“Meanwhile, one important thing about her delivery is that it raised hope in women who have been trying to have children because, one week after, we began to see old women coming to ask whether there was also hope for them.
“So the woman became an epitome of hope for those seeking the fruit of the womb and as many that are seeking have gotten while others are still in the process”.
Corridors of IVF
Going back memory lane, he said, “I am privileged to have been around the corridors of IVF as far back as 2006. This is my 12th year of being deeply involved in the practice. So I am among the oldest IVF practitioners in Nigeria as IVF in Nigeria started in 1998. I grew rapidly while in Abuja and became very versatile in the field of assisted reproductive technology.
“I realized that I was too young to operate where I was. That is how I came to Jos to do my residency. And in my quest for excellence, I committed myself to grabbing anything that pertains to my profession.
“So I went around the world studying. I was in the University of Warwick Centre for Human Reproduction. I was also in Munich for IVF training. I once did a presentation for my boss in London as a gynaecologist and he promised to sponsor my training in Minimal Access Surgery. So I got sponsorship for Minimal Access Surgery which is a kind of surgery where you don’t cut a patient open, rather a hole is made on the part to be operated and you put in all your gadgets and then operate using a computer and high-tech TV screen on the wall. I later proceeded to India where I trained in gynae laparoscopic surgery. I went back to London to train at the Royal College of Obstetricians and Gynaecologists (RCOG)”.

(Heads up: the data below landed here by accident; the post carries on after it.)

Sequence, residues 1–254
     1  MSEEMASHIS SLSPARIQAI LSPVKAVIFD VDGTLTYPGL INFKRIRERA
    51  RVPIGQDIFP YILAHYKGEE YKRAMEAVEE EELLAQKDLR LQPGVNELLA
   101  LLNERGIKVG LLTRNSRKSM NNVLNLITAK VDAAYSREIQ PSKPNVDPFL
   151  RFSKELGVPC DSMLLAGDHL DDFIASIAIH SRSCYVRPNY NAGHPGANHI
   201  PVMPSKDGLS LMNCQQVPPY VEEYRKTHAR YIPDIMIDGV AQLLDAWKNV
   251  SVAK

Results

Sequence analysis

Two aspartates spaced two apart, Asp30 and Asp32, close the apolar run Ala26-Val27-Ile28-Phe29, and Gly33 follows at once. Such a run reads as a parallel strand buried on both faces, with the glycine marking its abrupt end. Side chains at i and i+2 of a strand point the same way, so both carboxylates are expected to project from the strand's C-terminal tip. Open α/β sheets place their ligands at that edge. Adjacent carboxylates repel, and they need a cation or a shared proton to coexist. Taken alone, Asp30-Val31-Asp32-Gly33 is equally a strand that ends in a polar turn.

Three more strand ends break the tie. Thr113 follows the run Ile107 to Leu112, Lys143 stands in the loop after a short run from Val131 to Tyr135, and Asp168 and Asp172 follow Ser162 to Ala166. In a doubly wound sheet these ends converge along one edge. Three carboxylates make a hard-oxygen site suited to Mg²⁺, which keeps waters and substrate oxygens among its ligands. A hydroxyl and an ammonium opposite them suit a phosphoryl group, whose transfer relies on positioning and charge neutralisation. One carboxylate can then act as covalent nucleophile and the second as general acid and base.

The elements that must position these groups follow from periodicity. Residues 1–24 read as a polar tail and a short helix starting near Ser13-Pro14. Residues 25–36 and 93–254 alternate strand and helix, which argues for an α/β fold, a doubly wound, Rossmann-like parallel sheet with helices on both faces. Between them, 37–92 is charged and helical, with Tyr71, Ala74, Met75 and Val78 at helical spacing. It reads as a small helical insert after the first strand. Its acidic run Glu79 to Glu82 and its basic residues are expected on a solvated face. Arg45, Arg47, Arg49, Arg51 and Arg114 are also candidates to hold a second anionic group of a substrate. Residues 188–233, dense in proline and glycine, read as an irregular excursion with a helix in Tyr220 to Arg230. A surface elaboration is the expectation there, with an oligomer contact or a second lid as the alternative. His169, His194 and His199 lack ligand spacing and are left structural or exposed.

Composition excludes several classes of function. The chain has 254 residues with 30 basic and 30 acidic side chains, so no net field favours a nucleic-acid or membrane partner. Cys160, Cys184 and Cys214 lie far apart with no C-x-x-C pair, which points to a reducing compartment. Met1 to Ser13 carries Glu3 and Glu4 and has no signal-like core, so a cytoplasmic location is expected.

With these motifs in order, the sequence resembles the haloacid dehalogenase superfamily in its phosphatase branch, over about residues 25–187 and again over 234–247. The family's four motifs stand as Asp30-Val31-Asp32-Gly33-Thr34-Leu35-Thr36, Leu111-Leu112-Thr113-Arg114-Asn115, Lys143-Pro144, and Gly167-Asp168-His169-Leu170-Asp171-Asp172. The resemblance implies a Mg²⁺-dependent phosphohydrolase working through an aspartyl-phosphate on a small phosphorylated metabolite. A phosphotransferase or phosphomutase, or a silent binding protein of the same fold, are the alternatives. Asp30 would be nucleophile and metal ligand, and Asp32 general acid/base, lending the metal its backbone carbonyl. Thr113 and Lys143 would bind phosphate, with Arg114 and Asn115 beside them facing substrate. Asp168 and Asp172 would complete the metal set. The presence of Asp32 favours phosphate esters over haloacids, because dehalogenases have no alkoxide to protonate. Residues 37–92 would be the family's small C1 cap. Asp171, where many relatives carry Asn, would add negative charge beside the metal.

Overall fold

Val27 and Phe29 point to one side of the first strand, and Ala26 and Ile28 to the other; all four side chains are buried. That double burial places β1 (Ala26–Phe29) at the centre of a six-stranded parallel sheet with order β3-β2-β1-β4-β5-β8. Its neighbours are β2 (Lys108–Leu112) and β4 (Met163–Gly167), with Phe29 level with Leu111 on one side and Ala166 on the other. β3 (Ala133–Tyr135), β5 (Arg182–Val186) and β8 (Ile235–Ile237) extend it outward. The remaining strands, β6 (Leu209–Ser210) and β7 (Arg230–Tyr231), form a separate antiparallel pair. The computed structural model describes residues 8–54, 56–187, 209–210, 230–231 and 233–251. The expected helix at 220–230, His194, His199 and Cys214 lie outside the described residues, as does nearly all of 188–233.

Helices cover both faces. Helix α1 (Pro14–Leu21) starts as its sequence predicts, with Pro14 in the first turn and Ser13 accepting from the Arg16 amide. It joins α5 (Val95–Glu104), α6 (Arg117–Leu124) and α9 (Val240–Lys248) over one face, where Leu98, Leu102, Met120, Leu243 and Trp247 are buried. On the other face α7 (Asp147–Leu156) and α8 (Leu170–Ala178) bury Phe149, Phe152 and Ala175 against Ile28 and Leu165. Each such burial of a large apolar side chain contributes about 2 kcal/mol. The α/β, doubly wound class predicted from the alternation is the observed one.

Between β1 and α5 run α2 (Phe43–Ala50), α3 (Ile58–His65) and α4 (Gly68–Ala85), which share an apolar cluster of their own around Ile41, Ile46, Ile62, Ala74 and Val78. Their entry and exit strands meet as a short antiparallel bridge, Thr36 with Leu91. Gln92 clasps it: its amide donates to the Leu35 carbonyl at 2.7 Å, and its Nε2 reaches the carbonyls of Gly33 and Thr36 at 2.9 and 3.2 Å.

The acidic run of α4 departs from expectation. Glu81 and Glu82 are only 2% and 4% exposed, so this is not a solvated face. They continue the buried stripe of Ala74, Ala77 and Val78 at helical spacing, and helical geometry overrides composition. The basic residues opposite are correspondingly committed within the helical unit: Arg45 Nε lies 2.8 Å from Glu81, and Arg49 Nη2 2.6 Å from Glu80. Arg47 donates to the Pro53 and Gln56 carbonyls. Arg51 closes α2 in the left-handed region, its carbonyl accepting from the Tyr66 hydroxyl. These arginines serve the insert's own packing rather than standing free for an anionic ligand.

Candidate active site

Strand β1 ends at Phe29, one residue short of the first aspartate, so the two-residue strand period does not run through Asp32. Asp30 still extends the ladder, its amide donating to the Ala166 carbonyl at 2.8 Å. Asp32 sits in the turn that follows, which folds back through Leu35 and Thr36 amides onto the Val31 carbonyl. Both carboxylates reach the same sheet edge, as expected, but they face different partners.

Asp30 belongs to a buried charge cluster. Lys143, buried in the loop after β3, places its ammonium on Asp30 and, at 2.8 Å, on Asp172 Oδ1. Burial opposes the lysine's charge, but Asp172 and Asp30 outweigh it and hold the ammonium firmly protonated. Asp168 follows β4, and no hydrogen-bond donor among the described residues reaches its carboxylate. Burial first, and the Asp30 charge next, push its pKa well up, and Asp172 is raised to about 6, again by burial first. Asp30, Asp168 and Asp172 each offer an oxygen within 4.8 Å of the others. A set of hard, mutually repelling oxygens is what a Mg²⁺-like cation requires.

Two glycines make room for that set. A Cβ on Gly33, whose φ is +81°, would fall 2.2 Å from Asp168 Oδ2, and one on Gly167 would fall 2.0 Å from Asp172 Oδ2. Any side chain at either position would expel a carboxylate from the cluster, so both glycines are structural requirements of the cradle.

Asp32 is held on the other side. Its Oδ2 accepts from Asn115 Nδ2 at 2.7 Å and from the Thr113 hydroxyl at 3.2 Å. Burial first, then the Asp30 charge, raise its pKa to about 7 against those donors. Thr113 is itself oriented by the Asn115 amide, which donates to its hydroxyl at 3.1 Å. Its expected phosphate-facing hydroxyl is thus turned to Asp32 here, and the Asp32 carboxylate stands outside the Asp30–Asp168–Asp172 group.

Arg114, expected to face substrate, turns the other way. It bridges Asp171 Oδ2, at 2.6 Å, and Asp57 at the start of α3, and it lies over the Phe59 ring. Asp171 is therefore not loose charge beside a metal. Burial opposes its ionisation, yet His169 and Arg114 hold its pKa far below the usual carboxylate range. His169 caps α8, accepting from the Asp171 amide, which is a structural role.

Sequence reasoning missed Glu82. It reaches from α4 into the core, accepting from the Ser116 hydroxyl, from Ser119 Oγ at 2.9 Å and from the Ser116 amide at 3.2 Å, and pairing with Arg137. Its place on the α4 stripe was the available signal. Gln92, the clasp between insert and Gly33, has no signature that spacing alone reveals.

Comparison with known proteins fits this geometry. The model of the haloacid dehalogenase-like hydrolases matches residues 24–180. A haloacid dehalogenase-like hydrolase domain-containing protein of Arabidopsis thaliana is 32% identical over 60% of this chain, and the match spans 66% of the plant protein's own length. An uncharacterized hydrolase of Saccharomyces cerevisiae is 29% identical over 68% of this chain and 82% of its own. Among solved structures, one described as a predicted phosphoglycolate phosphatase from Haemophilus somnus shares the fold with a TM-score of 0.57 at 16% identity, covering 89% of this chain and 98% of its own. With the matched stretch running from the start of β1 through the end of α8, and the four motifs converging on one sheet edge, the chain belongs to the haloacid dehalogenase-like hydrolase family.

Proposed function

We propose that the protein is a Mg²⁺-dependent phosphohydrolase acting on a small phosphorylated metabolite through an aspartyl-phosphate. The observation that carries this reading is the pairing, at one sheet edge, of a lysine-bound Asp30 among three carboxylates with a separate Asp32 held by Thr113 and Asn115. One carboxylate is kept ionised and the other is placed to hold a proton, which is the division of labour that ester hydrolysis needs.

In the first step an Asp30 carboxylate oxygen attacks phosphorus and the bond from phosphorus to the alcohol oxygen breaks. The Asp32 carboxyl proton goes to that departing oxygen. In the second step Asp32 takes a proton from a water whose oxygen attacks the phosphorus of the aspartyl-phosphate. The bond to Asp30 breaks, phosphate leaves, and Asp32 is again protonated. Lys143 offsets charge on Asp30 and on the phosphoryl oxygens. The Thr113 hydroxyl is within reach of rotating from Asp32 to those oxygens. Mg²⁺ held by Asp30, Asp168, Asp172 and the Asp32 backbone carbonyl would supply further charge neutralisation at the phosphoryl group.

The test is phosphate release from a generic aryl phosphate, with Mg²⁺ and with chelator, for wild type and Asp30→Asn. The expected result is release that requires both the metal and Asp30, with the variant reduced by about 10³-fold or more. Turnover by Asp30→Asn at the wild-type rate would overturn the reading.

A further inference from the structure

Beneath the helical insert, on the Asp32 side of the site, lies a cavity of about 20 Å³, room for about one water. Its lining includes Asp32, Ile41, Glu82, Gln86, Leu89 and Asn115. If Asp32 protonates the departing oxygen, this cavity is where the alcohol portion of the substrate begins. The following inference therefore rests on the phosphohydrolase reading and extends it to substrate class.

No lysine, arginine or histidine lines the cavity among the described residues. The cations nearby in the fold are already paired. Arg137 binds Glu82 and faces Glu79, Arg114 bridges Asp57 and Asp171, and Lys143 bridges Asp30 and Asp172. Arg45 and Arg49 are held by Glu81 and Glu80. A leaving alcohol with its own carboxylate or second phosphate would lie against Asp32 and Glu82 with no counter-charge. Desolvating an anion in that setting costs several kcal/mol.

Speaking on IVF success rate, he put it at between 45 and 50% at ALPS Hospital even though the world-wide rate is 32%. Describing lack of funds to do IVF by the people who need the service as one of the challenges in the practice, Egwuda said, “Power supply has also been a major challenge though we have alternatives such as inverter and standby generator. Here in Jos and across Nigeria, most of the things we use are not locally made. They are made in the United States and Europe and importing them is difficult because FOREX is a major problem”.
On the award he received as ‘The best doctor on the Plateau’, among others, the gynaecologist said, “I may not be among the first people practicing IVF in Nigeria but I was the pioneer in Plateau State”.
Sharing his perspective on the idea of a spinster doing IVF to raise a child or children, he stated, “You have gone into the controversial aspect. I am a Christian but my values are different. To have a child, there must be a mother and a father. Researches revealed that children raised by single parents develop certain abnormalities. Though there are many influential people in our society raised in dysfunctional homes, a person ready to stand as a father must agree and sign legal documents as the prospective father of the intended child. Doing IVF for a spinster is socially right as long as we are not breaching the norms of the society”.
Egwuda admitted that IVF is quite expensive in Nigeria and not affordable for even those in the middle class.
“The reason the price is high is because of Nigeria’s developmental stage. We are not a manufacturing country; we don’t make drugs and most of the consumables used for IVF are imported”, he said.
“We would have wished that IVF is not as expensive but of course the exchange rate keeps going up.
“But we are doing a lot to see that IVF is affordable. We have a lot of people now who are trained in the field of assisted reproduction technology thus making IVF cheaper.
“Also, we are bringing on board a new modality which is a natural cycle IVF. In the natural cycle IVF, fewer drugs are used in such a way as to bring down the cost.
“Many people can benefit from this, those who don’t have money can benefit from it, those who are still ovulating and are young can benefit from it, those who have diseases that cannot endure the medications of IVF can also benefit from it and, more importantly, because it is cheaper, it will increase the coverage for IVF and people of low economic status can do it”.